Server Message Block (SMB) is a file sharing protocol that allows computer applications to read and write files and access other system resources of networked devices. Windows uses the SMB protocol for sharing files with other devices on your network, specifically with non-Windows systems.
SMB was originally known as CIFS (Common Internet File System), which we now refer to as SMBv1. SMBv1/CIFS was decommissioned due to being inefficient and containing severe security vulnerabilities.
Windows used the SMBv1 protocol up until Windows Vista, where it began utilizing SMBv2. Modern versions of Windows, like Windows 10, use SMBv2 or SMBv3. In a security update to Windows 10, Microsoft disabled SMBv1 by default.
Generally SMB (v2/v3) is already enabled in Windows 10, so you don’t need to manually enable it. If you want to double check, or need to enable SMBv1 for legacy application support, then continue reading to find out how.
How to Enable, Disable, and Check for SMB in Windows 10
Microsoft introduced a handy Windows PowerShell cmdlet in Windows 8 and Windows Server 2012 that allows you to enable, disable, or check for SMB. Note that Windows 10 uses SMBv3, but uses the same EnableSMB2Protocol cmdlet to enable/disable it.
To check which version of SMB is currently running in Windows 10, open Windows PowerShell and run the following commands:
Get-SmbServerConfiguration | Select EnableSMB1Protocol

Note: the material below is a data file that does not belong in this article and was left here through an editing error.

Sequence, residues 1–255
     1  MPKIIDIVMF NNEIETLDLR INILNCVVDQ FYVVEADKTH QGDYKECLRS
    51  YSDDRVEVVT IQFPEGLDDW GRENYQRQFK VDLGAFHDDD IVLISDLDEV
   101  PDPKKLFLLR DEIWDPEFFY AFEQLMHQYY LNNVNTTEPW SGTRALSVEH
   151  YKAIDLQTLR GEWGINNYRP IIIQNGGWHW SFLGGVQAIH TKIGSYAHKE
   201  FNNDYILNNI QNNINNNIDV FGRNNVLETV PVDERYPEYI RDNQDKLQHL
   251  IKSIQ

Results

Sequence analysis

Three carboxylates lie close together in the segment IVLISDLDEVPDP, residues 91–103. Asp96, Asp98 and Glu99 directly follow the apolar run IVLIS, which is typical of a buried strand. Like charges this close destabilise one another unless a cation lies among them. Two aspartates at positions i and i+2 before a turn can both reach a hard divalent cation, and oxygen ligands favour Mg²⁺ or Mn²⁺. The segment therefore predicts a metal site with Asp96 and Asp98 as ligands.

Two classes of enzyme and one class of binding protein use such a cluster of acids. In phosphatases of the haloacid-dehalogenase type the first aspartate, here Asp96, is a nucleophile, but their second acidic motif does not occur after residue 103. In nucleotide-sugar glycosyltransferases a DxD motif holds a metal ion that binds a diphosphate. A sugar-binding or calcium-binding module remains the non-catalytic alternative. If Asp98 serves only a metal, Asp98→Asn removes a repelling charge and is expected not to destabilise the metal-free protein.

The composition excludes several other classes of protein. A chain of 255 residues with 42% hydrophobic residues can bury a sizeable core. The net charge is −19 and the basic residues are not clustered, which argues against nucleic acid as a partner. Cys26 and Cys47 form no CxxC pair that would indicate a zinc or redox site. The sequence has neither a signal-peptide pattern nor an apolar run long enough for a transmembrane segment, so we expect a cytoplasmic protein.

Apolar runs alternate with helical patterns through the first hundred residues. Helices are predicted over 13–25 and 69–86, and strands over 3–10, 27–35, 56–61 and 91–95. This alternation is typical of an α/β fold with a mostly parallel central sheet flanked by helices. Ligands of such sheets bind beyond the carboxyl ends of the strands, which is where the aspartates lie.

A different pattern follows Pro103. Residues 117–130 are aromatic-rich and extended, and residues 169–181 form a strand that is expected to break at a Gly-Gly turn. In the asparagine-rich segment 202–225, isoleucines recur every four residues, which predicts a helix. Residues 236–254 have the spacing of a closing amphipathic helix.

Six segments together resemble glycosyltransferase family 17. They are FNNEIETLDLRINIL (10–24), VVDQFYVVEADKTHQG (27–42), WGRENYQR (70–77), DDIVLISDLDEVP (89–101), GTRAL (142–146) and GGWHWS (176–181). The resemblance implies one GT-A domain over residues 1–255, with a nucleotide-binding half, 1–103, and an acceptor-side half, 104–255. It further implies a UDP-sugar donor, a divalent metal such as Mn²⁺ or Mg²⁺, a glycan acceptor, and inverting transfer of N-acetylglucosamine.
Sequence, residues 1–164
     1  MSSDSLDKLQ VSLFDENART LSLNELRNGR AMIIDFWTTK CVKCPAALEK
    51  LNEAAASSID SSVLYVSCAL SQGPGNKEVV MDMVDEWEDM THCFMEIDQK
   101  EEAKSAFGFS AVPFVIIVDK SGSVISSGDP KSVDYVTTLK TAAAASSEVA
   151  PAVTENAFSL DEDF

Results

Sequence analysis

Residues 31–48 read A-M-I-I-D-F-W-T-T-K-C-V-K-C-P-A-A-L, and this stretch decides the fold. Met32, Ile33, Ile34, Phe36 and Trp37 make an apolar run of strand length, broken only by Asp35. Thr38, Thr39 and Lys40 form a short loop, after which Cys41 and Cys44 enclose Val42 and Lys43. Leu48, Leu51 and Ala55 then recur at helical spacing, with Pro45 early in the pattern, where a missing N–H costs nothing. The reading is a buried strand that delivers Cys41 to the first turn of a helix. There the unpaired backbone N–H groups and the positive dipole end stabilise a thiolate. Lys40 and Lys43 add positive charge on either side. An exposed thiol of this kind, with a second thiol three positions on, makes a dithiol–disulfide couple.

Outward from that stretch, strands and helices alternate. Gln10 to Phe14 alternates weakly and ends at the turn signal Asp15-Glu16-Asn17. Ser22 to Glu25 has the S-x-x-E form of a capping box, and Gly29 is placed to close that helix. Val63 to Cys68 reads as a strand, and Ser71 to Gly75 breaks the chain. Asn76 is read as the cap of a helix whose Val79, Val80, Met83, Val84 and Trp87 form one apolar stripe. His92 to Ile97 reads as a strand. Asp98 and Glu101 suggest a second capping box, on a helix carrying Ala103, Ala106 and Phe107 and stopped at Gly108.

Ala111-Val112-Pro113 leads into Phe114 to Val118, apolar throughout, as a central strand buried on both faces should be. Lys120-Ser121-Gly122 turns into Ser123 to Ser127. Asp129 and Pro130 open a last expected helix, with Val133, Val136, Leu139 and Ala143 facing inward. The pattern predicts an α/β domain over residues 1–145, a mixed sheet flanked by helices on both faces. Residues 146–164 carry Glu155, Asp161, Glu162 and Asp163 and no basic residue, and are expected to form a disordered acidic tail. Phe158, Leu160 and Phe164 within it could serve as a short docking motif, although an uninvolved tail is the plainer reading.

Get-SmbServerConfiguration | Select EnableSMB2Protocol
These commands will return true or false indicating whether SMBv1 or SMBv2/3 is currently running on the system, respectively:
The photo above shows a system where SMBv2/3 is running and SMBv1 is not.
To enable or disable SMBv2/3 in Windows 10, run the following commands in Windows PowerShell:
Set-SmbServerConfiguration -EnableSMB2Protocol $true
Set-SmbServerConfiguration -EnableSMB2Protocol $false
Disabling SMBv2/3 in Windows 10 disables a lot of other Windows functionality and Microsoft recommends you only do so for troubleshooting purposes.
How to Enable SMBv1 in Windows 10
SMBv1 is disabled in Windows 10 by default, but you can (dangerously) enable it through Windows Features.
Microsoft strongly recommends you don’t enable SMBv1 in Windows 10. If you’re not convinced yet, then consider this quote from Microsoft’s Stop using SMB1 support article:
The original SMB1 protocol is nearly 30 years old , and like much of the software made in the 80’s, it was designed for a world that no longer exists. A world without malicious actors, without vast sets of important data, without near-universal computer usage. Frankly, its naivete is staggering when viewed though modern eyes.Ned Pyle
If you must enable SMBv1 in Windows 10, for legacy application support, you can do so using the following method:
Windows key + Ron your keyboard to open the Windows Run dialog box.
- Type in
OK, or hit
Enteron your keyboard. Alternatively, you can go to Windows Settings > Apps > Optional features > More Windows features (at the bottom).
- in the
Windows Featureswindow that appears, Check the box to the left of
SMB 1.0/CIFS File Sharing Supportand then click
- Restart the computer and SMBv1 will now be running.
Alternatively, you can open Windows PowerShell and run the following command:
Set-SmbServerConfiguration -EnableSMB1Protocol $true
Microsoft is making great strides when it comes to securing Windows systems through updates like disabling SMBv1 and Reputation Based Protection. If you must enable SMBv1 in your Windows environment, it’s important to plan upgrades that ensure it’s only temporary.